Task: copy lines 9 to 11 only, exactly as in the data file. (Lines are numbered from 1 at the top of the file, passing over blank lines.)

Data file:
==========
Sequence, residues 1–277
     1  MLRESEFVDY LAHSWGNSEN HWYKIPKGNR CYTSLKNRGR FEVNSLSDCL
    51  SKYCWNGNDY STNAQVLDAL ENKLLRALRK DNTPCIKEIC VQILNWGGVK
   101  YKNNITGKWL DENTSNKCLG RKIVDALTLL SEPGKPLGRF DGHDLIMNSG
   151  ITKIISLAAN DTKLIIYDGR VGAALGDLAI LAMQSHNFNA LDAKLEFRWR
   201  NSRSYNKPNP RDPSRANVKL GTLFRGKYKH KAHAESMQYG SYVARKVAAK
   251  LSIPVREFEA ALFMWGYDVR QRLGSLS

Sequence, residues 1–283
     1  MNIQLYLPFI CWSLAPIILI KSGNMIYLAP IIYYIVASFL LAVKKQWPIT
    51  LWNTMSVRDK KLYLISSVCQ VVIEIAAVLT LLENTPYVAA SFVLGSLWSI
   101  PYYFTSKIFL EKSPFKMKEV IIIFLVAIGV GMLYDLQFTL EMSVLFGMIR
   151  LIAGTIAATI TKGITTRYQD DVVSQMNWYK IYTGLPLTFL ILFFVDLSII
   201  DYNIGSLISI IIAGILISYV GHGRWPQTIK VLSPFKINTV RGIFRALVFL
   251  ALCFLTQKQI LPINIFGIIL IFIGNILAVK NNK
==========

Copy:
     1  MNIQLYLPFI CWSLAPIILI KSGNMIYLAP IIYYIVASFL LAVKKQWPIT
    51  LWNTMSVRDK KLYLISSVCQ VVIEIAAVLT LLENTPYVAA SFVLGSLWSI
   101  PYYFTSKIFL EKSPFKMKEV IIIFLVAIGV GMLYDLQFTL EMSVLFGMIR